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FREE Wigs for Hairloss

Funding for temporary or permanent hairloss

If you live in New Zealand and have experienced either temporary or permanent hairloss, contact Janine on 027 367 7686 to walk you through the process.

You will need to go to your GP and get a medical certificate stating:

  • The reason for your hairloss (eg. surgery, alopecia, chemotherapy).
  • Your NHI number (National Health Index). Your doctor will have this available.
  • Stated whether your hairloss is permanent or temporary.

Then make contact and leave the rest to Janine. You can then choose your wigs up to a certain, pre-approved value which will be between $400.00 and $2280.00,  depending on whether your hairloss is temporary or permanent.

Hair is called a woman’s “crowning glory”, and for good reason; it symbolizes attractiveness, success, health, and social status, among other things. Losing it can have a dramatic emotional impact on a woman’s self-esteem. Many women feel that when they lose their hair, they’ve lost a large part of who they are.

Common Causes of Hair Loss in Women

Alopecia is the medical term for excessive or abnormal hair loss, which is a sign that something is wrong with your body. Hormone imbalance, disease, certain medications or lifestyle factors can cause a change in the hair growth and shedding phases. Once the cause is dealt with, hairs go back to their random pattern of growth and shedding, and abnormal hair loss stops.

Fortunately, hair loss may simply be a reaction to a short-term event such as stress, pregnancy, and the taking of certain medications. In these situations, hair will grow back once the event has passed.

  • Medical conditions involving hormonal imbalances
  • Androgen sensitivity (resulting in Androgenetic Alopecia)
  • Menopause
  • Thyroid disorders
  • PCOS (Polycystic Ovarian Syndrome)
  • Lifestyle factors
  • Immune system irregularities (resulting in Alopecia Areata)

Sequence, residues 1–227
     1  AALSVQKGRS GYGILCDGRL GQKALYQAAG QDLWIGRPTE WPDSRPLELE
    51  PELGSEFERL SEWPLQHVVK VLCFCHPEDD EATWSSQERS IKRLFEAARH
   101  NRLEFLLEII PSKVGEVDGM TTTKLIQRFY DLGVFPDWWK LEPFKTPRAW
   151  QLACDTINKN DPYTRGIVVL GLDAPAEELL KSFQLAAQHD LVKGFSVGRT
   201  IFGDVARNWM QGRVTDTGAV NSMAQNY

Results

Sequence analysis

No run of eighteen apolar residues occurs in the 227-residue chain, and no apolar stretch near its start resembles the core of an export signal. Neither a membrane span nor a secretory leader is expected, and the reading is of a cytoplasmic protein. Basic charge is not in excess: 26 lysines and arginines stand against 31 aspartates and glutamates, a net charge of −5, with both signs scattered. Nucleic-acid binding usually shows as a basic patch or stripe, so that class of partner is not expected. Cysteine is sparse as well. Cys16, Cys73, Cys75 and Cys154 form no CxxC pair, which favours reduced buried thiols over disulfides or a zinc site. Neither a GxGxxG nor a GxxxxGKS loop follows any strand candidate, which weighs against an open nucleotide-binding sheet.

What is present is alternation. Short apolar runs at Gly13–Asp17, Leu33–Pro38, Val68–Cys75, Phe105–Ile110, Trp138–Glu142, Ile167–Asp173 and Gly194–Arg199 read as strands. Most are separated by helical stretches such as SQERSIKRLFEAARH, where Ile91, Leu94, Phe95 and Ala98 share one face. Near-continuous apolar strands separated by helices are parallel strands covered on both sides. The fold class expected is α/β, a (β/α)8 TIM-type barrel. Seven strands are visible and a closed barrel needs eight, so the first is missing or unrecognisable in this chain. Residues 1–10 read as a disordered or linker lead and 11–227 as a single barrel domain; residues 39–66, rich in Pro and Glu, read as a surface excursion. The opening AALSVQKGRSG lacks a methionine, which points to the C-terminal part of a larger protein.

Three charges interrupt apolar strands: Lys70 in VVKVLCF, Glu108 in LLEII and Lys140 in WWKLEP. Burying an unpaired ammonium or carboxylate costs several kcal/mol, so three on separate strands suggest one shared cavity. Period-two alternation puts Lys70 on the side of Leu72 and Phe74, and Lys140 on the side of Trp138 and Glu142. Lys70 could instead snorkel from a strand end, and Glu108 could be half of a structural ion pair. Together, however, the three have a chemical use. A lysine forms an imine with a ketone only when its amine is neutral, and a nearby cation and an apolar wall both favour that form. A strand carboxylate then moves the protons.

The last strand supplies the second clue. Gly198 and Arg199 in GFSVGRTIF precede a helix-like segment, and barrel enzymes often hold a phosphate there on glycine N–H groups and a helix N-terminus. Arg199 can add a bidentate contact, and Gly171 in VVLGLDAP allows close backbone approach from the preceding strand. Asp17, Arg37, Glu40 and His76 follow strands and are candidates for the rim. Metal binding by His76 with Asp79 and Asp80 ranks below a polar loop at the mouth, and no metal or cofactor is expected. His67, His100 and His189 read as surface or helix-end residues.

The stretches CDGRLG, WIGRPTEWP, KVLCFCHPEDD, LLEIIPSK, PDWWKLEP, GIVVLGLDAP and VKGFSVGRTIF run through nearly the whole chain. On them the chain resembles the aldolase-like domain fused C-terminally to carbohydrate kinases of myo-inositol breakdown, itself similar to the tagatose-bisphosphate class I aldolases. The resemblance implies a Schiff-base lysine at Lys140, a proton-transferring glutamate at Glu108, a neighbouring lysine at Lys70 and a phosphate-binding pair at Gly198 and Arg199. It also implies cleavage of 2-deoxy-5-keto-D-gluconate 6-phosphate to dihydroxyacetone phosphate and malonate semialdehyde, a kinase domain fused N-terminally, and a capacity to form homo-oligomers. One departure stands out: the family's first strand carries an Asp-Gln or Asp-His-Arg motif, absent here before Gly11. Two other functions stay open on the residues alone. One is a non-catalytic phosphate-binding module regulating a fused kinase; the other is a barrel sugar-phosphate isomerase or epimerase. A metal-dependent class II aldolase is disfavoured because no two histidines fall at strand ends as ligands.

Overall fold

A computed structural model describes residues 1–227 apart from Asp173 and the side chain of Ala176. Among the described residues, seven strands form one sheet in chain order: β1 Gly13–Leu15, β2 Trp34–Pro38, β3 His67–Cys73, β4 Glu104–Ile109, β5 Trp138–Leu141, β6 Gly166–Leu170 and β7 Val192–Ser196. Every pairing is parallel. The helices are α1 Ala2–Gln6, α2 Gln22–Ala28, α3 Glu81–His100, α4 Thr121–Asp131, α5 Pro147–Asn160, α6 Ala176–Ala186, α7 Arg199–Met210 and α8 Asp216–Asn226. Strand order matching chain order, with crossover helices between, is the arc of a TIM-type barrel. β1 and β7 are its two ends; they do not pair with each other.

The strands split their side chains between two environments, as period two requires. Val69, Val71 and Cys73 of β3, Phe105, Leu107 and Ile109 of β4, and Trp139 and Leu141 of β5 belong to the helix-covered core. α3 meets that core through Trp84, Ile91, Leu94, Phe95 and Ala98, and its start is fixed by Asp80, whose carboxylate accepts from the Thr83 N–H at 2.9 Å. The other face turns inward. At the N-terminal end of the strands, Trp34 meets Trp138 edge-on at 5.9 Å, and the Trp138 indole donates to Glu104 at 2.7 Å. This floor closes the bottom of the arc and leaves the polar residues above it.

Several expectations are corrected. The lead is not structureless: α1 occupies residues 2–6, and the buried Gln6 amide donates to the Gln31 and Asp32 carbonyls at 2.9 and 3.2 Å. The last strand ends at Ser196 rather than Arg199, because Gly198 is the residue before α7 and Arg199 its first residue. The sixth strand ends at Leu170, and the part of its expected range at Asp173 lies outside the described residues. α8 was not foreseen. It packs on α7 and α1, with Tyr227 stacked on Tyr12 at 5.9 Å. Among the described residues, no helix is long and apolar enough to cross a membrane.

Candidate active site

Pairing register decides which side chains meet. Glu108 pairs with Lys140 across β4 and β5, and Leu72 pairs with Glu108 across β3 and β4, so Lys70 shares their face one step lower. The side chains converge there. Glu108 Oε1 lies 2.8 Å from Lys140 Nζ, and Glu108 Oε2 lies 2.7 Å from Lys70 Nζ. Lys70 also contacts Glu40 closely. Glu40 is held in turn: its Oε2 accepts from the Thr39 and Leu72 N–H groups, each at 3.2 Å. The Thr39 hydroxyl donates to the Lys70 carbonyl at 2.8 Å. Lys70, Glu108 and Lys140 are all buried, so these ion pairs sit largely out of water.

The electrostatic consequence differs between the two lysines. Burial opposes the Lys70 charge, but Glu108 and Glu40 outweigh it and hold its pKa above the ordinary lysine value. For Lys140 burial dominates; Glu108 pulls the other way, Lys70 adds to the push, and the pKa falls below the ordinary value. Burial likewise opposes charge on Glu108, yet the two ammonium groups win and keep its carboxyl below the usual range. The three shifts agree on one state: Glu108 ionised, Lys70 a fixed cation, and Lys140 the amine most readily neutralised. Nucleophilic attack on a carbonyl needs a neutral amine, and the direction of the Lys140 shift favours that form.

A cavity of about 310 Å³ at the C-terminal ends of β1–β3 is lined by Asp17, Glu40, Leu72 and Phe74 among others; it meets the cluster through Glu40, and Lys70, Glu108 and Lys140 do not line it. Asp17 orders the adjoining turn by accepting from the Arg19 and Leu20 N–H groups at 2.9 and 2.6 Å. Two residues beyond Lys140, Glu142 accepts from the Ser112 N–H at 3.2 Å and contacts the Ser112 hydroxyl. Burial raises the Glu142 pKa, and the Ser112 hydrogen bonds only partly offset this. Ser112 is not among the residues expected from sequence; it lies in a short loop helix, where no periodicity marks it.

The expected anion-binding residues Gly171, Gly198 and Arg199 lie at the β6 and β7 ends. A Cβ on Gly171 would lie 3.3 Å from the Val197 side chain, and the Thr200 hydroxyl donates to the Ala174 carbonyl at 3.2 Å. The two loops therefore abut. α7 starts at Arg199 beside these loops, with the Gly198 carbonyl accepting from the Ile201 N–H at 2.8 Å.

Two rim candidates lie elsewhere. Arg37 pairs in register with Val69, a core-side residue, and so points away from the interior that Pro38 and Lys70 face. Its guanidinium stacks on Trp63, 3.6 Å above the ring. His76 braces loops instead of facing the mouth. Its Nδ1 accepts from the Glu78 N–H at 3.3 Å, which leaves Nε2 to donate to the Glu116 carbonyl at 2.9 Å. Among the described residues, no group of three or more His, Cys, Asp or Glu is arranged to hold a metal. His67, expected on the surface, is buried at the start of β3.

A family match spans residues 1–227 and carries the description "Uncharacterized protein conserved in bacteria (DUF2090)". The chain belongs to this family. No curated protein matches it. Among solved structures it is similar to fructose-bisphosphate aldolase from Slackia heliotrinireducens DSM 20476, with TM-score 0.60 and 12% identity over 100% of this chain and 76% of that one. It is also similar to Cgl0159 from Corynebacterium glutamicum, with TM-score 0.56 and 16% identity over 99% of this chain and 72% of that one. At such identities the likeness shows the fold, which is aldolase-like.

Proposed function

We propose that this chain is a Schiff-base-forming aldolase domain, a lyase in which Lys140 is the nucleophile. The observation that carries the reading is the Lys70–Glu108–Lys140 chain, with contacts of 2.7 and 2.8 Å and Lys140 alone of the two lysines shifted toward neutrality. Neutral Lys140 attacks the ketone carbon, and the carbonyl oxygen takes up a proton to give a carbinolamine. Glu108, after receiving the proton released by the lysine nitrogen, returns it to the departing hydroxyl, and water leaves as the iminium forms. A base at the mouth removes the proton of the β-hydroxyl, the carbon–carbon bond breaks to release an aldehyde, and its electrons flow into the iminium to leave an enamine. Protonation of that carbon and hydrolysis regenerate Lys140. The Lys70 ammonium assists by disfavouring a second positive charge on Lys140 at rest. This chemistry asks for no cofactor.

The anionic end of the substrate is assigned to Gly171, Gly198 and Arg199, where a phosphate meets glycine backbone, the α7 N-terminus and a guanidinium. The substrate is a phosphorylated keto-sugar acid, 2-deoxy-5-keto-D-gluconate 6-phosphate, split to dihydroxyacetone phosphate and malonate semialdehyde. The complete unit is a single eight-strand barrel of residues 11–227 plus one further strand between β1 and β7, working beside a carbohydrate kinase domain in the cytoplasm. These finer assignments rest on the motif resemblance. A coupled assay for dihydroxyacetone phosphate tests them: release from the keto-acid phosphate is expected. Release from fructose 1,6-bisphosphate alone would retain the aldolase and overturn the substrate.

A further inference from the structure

• Physical and/or emotional stress (resulting in Telogen Effluvium)
  • Nutritional deficiencies (especially protein, iron, zinc or vitamin A)
  • Lack of sleep
  • Chemotherapy treatments (resulting in Anagen Effluvium)
  • Chemotherapy

At SS Hairwear, we understand how difficult it is to deal with hair loss as Janine lost her entire hair within a six week time-frame.

We’re dedicated to easing you through this transitional time. You may feel like a part of you is going or gone and we’re here to help you discover you are still you —  which in turn can make all the difference in the way you feel.

Hairloss affects everyone differently. Some people will lose all of their hair, while others may only experience thinning, some find bald spots that grow over and some never see their hair again.

There are many options available to you in coping with hair loss. While some women gravitate toward turbans and scarves, others are most comfortable in a wig and some choose to wear their baldness proudly. Coming to terms with the fact that you need to wear a wig can be very emotional, but a wig can also be the key to helping you feel more like yourself again. With it you can look and feel just like a ‘normal’ person, and not a hairloss patient. The key is to try and embrace your wig, because there is no shame in wearing one. It can actually be fun!

All our wigs, including our Medical Hair Loss Wig styles have special features like an ultra-comfortable, non-allergenic gel lining and lightweight, breathable construction.

The emotional effects of hair loss

Hair loss is a problem traditionally associated with men, but it can be just as traumatic for women. A woman’s hair is called her “crowning glory,” and for good reason; it symbolizes attractiveness, success, health and social status, among other things. Losing it can have a dramatic emotional impact on a woman’s self-esteem. Many women feel that when they lose their hair, they’ve lost a large part of who they are.